Here is a summary of some of the work our office is doing during shelter in place.
Fire & Resiliency
UCCE Sonoma is building on the foundational work of other county departments such as Sonoma Water and Permit Sonoma, by providing outreach to private landowners to address forest health, vegetation management and fire fuel reduction.
Lake Sonoma Decision Support System: Development of an online geo spatial reporting tool to help landowners assess:
Match.Graze: development of an online database that connects land owners and grazers.
- Filmed educational videos
- Creating website
- Current status: roll out in early June.
Good Fire Alliance: partnership with Audubon Canyon Ranch to assist landowners in managing fire fuels through prescribed burning on private and publicly owned lands. The following prescribed fires are in the active planning stage:
- 100+ acre burn unit at Cooley Ranch near Lake Sonoma; late May.
- Sonoma Ecology Center is planning a burn at Van Hoosear Wildflower Preserve; late May - early June.
- Bodega Pastures spanning several weekends in October/November.
Resilient Landscapes: Master Gardener collaborative project to:
- Host Firewise webinars
- Develop materials for Fire Safe Sonoma's Living with Fire brochure and webpage resource.
- Post Fire Survival/Mortality: research project to develop a quick and simple post-fire tree survival reference tool to aid with triage of burned landscapes.
- Working with local fire departments to homogenize fire-resilient landscape standards.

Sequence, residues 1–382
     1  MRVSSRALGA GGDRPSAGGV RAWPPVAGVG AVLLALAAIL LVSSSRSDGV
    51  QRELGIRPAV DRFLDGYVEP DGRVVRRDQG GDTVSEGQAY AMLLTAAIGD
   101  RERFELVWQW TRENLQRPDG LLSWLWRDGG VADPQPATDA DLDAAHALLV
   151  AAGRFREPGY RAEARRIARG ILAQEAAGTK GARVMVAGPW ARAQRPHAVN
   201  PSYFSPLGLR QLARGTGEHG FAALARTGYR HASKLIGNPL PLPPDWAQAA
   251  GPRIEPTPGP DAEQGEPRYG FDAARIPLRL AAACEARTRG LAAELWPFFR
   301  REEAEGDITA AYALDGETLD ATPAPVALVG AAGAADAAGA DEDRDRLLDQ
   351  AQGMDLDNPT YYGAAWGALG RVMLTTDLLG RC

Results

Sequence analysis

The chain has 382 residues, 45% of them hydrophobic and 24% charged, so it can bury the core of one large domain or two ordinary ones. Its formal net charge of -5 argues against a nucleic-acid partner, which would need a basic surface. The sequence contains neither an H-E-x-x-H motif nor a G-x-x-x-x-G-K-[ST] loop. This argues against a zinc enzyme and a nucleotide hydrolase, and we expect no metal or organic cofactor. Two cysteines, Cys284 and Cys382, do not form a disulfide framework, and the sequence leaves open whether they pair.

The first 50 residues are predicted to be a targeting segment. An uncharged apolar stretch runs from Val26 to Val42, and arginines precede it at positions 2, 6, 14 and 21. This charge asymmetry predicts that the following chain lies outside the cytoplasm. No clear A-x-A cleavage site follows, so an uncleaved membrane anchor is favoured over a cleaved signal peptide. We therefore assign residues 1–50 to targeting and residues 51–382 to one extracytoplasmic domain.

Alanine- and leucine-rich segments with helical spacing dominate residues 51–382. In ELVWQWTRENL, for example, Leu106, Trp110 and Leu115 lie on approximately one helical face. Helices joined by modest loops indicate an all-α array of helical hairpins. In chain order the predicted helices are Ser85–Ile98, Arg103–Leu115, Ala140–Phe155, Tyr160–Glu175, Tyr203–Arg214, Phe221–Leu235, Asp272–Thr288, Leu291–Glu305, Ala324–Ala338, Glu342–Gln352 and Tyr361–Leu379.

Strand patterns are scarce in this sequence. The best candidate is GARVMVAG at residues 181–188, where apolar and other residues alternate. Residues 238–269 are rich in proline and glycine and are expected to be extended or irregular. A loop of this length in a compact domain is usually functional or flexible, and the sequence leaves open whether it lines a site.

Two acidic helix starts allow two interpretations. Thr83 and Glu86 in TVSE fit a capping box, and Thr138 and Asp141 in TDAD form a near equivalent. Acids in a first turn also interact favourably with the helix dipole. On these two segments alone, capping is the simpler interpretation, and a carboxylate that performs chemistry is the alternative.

Oak Tree Health: organized, hosted and presented:
- California Oak Workshop with science based oak health information. Over 500 participants.
- Sudden Oak Death Blitz pivoted to online, educating and distributing 93 test kits to the public.
Food Systems & Security
- “Stay Home Grow Food” series has reached over 350 people with videos plus resources via an extensive social media campaign.
- Gardener Sense program delivered by video conference to help homeowners reduce water use.
- Master Gardener's are pivoting their classes to webinars.
The value of a strong, connected local food system to sustain the resiliency of our communities has never been more clear.
Coordinating with Sonoma County Food System Alliance and strategizing for a series of video conferences on longer term emergency food response planning & strengthening the local food supply chain looking to local production & distribution as part of meeting food need.
- Meeting on March 23 with over 50 emergency food responders to strategize on coronavirus response.
- Chairing the Community Organizations Active in Disaster (COAD) Food group. Continue to collaborate with the group to meet the needs of emergency food organizations.
- Sonoma County Food Recovery Coalition
UCCE used connections to secure donations of over 12,000 wine boxes to
Redwood Empire Food Bank for boxing and distributing food.
Local Meat Supplies: Mobile Slaughter Unit (MSU)
UCCE is working with local livestock producers in Marin/Sonoma to create a business plan for an MSU which can assist local livestock producers with a local, safe option for processing livestock.
- Applying for USDA grant to assist these producers to determine the functionality of keeping it in production.
- Will develop educational and management strategies to ensure economic security for small-scale livestock producers.
Integrated Pest Management
- Collaborating with UC Davis researchers to continue projects that address soil and fungal pests that shorten the lifespan of vineyards.
Critical research on the newly detected invasive Mediterranean oak borer (pictured) found in valley oak in eastern Sonoma County. Collaborators include Cal Fire, US Forest Service, and CDFA.